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Lunchbreak: Pundits Analyze Vikings Disappointing Loss to Cowboys

The Vikings woke up Monday morning to the reality that their nightmare performance Sunday night was more than a dream.

Minnesota's offense couldn't get going and its defense couldn't hold another late lead, with the final result being a 20-16 home loss against Dallas.

The Vikings, who are now 3-4, fell from a playoff spot they occupied going into the game.

A handful of football pundits, including John Breech of CBS Sports, analyzed Minnesota's disappointing performance.

Breech noted that losing at home to a backup quarterback meant Minnesota received the lowest possible grade from him.

He wrote:

If you lose a home game to the opposing team's backup quarterback, you get an "F." Especially if you do it the way the Vikings did, playing conservatively and basically allowing the Cowboys to walk into their stadium and steal a win with Cooper Rush under center. Horrendous loss.

Rush, who made his starting debut, had thrown three total NFL passes before Sunday night. He threw for 325 yards with two touchdowns and an interception.

Courtney Cronin, who covers the Vikings for ESPN, also gave the Vikings a poor review for their Week 8 performance.

And she wondered how Minnesota would fare against the likes of quarterbacks Lamar Jackson, Justin Herbert and Aaron Rodgers in its next three games after it just lost to Rush.

She wrote:

Rush can now be added to the list of backup quarterbacks, which includes Matt Moore and Chase Daniel, who have found a way to dismantle the Vikings. Minnesota got outcoached by Dallas on a day it was without [Dak] Prescott and let the Cowboys' No. 2 quarterback throw for 325 yards and two touchdowns. Rush took chances not synonymous with backup-level QBs, and the Vikings allowed it to happen.

Cronin also updated her weekly confidence rating for the Vikings, dropping it down to 4.0 from 4.5. She opined the Vikings made things harder on themselves as they will now have to play catchup in the month of November.

The Vikings now begin a tough two-game road stretch against the Ravens and Chargers. The problems that showed up against Dallas don't appear to be going away, making a Vikings rebound even more challenging during the hardest part of their schedule.

Minnesota is on the road in Week 9 against Baltimore. The Ravens are 5-2 and had a bye in Week 8.

View game action photos of the Vikings battling the Cowboys during the Week 8 Sunday Night Football matchup at U.S. Bank Stadium.

Graff analyzes Vikings alarming offensive performance

There was chatter last week that Sunday night's game would see plenty of offensive fireworks from both sides.

Dallas put up 419 yards, even with Rush at quarterback, marking the sixth time this season the Cowboys have hit the 400-yard mark.

But the Vikings had a woeful offensive performance, even with all of their star players in the starting lineup and ready to go. (Justin Jefferson missed some time in the second half after getting nicked up).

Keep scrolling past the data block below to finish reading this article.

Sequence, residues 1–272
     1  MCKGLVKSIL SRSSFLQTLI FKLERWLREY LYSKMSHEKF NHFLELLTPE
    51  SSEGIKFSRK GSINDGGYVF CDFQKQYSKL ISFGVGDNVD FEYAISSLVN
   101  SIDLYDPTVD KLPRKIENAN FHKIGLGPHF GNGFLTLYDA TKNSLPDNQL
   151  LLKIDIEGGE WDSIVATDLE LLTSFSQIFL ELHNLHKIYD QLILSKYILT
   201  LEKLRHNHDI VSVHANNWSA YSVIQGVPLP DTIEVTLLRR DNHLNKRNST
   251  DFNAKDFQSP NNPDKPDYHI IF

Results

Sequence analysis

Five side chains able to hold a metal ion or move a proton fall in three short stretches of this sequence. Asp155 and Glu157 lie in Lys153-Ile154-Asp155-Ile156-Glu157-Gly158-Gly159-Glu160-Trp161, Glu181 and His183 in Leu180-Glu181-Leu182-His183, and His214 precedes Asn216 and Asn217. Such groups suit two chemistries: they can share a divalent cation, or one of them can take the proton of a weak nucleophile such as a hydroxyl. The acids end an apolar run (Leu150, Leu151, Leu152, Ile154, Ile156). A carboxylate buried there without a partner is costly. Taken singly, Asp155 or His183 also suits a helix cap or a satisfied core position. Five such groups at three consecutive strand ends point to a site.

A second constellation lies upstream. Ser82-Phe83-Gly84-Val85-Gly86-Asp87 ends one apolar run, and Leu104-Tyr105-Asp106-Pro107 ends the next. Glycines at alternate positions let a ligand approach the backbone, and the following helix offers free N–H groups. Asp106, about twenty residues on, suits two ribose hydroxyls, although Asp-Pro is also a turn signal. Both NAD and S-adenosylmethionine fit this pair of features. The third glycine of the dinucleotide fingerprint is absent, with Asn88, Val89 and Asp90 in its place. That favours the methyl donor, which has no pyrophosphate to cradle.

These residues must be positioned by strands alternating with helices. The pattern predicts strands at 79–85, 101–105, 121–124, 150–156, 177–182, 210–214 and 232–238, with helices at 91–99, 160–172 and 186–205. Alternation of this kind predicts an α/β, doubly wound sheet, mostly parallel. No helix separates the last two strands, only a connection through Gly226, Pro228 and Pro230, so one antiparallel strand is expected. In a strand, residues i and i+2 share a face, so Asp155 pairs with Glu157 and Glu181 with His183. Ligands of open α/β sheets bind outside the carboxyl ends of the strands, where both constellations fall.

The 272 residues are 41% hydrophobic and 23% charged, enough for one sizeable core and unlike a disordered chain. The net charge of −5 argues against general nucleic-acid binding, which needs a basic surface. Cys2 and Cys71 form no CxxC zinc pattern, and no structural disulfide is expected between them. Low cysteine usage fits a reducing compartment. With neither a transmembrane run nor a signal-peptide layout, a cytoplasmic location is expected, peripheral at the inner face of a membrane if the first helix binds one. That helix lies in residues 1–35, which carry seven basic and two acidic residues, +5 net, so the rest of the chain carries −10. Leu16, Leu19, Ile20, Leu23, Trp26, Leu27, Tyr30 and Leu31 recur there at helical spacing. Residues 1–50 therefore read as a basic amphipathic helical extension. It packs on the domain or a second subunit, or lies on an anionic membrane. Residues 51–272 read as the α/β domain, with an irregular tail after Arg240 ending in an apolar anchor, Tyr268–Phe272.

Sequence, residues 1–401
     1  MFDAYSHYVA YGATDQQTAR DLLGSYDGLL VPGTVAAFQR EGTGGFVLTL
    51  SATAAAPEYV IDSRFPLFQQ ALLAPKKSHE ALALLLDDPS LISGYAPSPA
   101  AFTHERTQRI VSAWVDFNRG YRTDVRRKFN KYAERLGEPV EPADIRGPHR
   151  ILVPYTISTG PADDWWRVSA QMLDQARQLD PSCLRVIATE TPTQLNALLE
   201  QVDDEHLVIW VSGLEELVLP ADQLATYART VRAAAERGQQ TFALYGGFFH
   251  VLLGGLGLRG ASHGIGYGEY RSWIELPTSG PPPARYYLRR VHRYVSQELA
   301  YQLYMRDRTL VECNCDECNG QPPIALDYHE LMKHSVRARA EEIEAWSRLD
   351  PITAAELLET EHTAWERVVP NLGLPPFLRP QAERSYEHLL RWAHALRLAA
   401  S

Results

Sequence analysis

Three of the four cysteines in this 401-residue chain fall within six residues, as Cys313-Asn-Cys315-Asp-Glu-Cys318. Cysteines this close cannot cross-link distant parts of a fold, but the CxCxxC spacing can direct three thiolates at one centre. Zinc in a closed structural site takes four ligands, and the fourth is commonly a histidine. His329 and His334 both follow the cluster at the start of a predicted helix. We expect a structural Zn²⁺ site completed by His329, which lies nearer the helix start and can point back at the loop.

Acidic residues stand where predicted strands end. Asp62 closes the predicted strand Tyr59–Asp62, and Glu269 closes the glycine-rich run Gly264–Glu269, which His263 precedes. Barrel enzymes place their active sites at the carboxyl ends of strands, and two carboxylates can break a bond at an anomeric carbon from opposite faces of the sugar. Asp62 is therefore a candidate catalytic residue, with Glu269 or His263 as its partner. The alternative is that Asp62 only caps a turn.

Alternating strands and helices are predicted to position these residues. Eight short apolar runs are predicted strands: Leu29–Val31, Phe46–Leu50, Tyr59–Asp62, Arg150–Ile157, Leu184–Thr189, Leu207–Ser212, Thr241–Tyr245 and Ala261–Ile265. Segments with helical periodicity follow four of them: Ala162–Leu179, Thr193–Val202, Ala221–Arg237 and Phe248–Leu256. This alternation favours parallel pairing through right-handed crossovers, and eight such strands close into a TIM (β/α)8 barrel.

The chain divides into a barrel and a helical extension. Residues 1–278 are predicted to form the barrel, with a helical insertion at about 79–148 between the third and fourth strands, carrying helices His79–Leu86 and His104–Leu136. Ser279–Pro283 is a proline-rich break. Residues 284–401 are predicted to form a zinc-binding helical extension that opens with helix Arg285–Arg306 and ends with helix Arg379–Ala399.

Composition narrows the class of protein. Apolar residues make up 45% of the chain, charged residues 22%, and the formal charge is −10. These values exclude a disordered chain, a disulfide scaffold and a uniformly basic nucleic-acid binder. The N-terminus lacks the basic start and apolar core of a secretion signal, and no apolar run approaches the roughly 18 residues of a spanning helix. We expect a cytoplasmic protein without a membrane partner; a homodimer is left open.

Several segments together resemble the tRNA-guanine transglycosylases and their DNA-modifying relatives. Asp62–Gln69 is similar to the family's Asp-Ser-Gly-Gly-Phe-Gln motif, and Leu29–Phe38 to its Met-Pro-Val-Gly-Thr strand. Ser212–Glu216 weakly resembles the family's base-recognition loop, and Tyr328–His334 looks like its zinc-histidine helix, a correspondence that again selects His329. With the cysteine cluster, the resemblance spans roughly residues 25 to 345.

Minnesota tallied just 278 yards of offense on 61 plays, good for only 4.6 yards per try. And the Vikings third-down offense went ice cold as the unit converted just once on 13 tries.

Chad Graff of The Athletic analyzed Minnesota's alarming offensive performance in his game recap, noting Minnesota's seemingly inability to push the ball down the field.

He wrote:

They're a group that disappears for long stretches, like their three straight three-and-outs in the second half. It's an offense that has turned Cousins into a checkdown machine, one who completed more passes to fullback C.J. Ham on Sunday than star receiver Justin Jefferson.

Cousins' passes traveled an average of 4.5 yards past the line of scrimmage Sunday. Cooper Rush's passes averaged more than double that.

"I think it was a combination of coverage and pressure," Cousins said explaining the stat.

What does that mean? Who knows? It doesn't matter.

The Vikings, it seems, are out of answers for how a once-fearsome offense has turned into one that trips over its own feet while constantly aiming shy of a first down. The only predictable part of this unit is the ways in which it'll fail. When it's third-and-10, look for a 6-yard checkdown to the tight end. Need 4 yards? How about a 2-yard pass to the fullback? That's how you finish 1-for-13 on third downs with the only conversion coming on the opening drive. After that first possession, Cousins had eight third-down throws. He didn't pass beyond the sticks a single time.

Graff noted that the Vikings are built to have success on paper, with the likes of Jefferson, Adam Thielen, Dalvin Cook and others.

But the unit seems stuck in the mud right now, something that will need to change with the Ravens, Chargers and Packers coming up on the schedule.

Graff's full breakdown of Minnesota's offense can be found here.

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